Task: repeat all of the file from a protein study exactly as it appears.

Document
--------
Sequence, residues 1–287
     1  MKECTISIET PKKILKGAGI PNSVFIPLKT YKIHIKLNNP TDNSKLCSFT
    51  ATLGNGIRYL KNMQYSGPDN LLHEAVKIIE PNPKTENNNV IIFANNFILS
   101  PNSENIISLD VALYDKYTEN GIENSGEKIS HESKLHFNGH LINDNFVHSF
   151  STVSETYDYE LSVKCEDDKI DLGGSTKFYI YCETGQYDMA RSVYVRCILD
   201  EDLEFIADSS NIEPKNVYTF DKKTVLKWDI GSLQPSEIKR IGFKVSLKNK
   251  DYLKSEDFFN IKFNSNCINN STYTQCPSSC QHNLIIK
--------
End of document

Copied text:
Sequence, residues 1–287
     1  MKECTISIET PKKILKGAGI PNSVFIPLKT YKIHIKLNNP TDNSKLCSFT
    51  ATLGNGIRYL KNMQYSGPDN LLHEAVKIIE PNPKTENNNV IIFANNFILS
   101  PNSENIISLD VALYDKYTEN GIENSGEKIS HESKLHFNGH LINDNFVHSF
   151  STVSETYDYE LSVKCEDDKI DLGGSTKFYI YCETGQYDMA RSVYVRCILD
   201  EDLEFIADSS NIEPKNVYTF DKKTVLKWDI GSLQPSEIKR IGFKVSLKNK
   251  DYLKSEDFFN IKFNSNCINN STYTQCPSSC QHNLIIK